Finance: Function Matters, Not Size by John Cochrane

I read this ages ago but thought I’d blog about it again.

“Finance: Function Matters, Not Size” is a really interesting look at the size of finance as a share of the economy.

He points out that trying to determine the optimal percentage of GDP dedicated to a specific sector is a fool’s errand. It flies completely against Hayek’s work on central planning defects.

He points out that the finance industry expanded enormously over the past few decades but prices didn’t really fall. Think of the “2 and 20” hedge fund fee structure. That implies that there has been a shift to the right of the financial services demand curve.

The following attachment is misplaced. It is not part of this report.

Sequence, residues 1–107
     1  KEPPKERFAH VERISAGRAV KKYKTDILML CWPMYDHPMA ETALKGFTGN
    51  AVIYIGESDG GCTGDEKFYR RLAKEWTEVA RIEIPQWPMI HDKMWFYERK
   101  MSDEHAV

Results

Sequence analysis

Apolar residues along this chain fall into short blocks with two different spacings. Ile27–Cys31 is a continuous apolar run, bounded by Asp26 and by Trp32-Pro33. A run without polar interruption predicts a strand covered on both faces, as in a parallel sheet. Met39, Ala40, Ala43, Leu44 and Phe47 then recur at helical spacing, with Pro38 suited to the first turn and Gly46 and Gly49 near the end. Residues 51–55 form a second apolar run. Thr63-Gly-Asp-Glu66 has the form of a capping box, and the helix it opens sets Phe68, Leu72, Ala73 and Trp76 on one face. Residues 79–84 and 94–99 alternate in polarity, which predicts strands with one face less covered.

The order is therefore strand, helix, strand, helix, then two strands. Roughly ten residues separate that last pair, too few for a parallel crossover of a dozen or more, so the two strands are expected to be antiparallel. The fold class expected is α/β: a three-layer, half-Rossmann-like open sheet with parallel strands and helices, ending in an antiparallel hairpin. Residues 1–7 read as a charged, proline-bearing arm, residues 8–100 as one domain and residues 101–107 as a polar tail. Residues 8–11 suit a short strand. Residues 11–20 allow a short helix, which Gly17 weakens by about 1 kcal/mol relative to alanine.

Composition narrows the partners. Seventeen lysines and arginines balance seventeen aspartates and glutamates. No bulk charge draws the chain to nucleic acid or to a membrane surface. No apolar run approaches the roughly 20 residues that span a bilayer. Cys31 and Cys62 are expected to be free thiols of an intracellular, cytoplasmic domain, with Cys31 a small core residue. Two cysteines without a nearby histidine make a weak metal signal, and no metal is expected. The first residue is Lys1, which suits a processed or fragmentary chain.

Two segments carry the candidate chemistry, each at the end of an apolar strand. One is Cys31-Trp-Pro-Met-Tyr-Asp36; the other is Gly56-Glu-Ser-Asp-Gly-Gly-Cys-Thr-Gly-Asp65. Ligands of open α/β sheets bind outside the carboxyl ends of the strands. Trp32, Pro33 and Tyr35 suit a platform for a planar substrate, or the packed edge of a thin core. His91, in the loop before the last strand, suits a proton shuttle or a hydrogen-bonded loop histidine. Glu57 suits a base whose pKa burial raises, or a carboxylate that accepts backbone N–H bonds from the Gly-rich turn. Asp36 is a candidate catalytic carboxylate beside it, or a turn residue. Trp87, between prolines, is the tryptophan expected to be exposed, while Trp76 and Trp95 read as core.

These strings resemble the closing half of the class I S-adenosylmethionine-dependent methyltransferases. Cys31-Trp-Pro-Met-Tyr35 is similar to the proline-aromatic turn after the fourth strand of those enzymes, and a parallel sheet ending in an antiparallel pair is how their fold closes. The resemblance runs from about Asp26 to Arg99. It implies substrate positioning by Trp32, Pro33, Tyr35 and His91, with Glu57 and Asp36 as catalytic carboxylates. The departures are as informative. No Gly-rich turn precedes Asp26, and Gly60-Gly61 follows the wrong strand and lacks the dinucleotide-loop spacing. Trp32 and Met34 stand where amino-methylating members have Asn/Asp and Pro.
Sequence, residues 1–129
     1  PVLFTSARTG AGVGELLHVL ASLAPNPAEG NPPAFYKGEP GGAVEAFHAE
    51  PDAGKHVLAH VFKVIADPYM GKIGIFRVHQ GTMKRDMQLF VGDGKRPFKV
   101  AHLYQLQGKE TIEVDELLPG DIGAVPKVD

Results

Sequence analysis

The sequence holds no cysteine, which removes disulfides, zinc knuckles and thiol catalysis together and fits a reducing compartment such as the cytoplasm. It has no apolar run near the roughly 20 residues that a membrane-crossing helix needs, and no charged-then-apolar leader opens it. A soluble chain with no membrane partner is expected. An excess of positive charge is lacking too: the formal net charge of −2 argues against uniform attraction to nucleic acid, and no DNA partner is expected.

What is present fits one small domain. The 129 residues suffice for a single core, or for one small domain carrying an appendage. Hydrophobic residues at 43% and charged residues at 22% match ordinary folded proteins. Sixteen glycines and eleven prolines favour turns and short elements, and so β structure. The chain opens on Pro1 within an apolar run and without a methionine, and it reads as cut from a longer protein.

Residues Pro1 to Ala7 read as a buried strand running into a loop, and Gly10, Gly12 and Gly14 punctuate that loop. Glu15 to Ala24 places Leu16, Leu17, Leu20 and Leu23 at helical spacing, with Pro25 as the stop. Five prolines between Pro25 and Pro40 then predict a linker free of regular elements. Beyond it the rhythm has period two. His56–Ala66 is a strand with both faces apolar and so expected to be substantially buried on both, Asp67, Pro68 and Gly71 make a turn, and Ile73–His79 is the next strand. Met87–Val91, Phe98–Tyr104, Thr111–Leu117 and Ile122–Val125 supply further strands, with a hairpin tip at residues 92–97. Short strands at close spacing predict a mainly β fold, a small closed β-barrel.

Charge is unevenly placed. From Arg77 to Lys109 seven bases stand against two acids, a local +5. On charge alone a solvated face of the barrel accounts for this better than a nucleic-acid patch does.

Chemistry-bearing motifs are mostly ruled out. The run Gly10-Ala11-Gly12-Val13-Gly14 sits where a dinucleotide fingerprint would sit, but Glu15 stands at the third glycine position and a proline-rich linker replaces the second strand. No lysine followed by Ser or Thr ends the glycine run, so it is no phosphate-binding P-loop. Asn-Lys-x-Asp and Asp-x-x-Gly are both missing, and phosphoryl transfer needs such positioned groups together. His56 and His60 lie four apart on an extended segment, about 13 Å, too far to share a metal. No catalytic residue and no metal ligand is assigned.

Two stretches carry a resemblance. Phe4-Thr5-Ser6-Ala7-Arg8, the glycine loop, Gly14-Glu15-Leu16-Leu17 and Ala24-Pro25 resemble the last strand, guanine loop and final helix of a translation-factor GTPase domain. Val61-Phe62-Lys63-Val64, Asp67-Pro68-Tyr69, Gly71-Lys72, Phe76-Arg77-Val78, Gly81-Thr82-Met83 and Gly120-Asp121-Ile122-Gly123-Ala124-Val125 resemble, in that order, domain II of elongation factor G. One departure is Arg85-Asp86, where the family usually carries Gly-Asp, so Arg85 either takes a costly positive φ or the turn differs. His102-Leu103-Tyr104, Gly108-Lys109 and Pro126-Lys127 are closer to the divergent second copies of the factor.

Also, because many fees in finance are based on assets under management, as wealth has grown in the economy, fixed costs per fund manager have increased a bit but because AuM has increased even more that’s why you see multi-million dollar compensation packages. A handle of people can manage an enormous amount of assets.

An interesting read and well worth your time if you’re sick of the bagging of the finance industry. Here in New Zealand, the reluctance to discuss the collapse of the second tier lending industry as a key supply side shock making housing affordability harder to achieve is disappointing.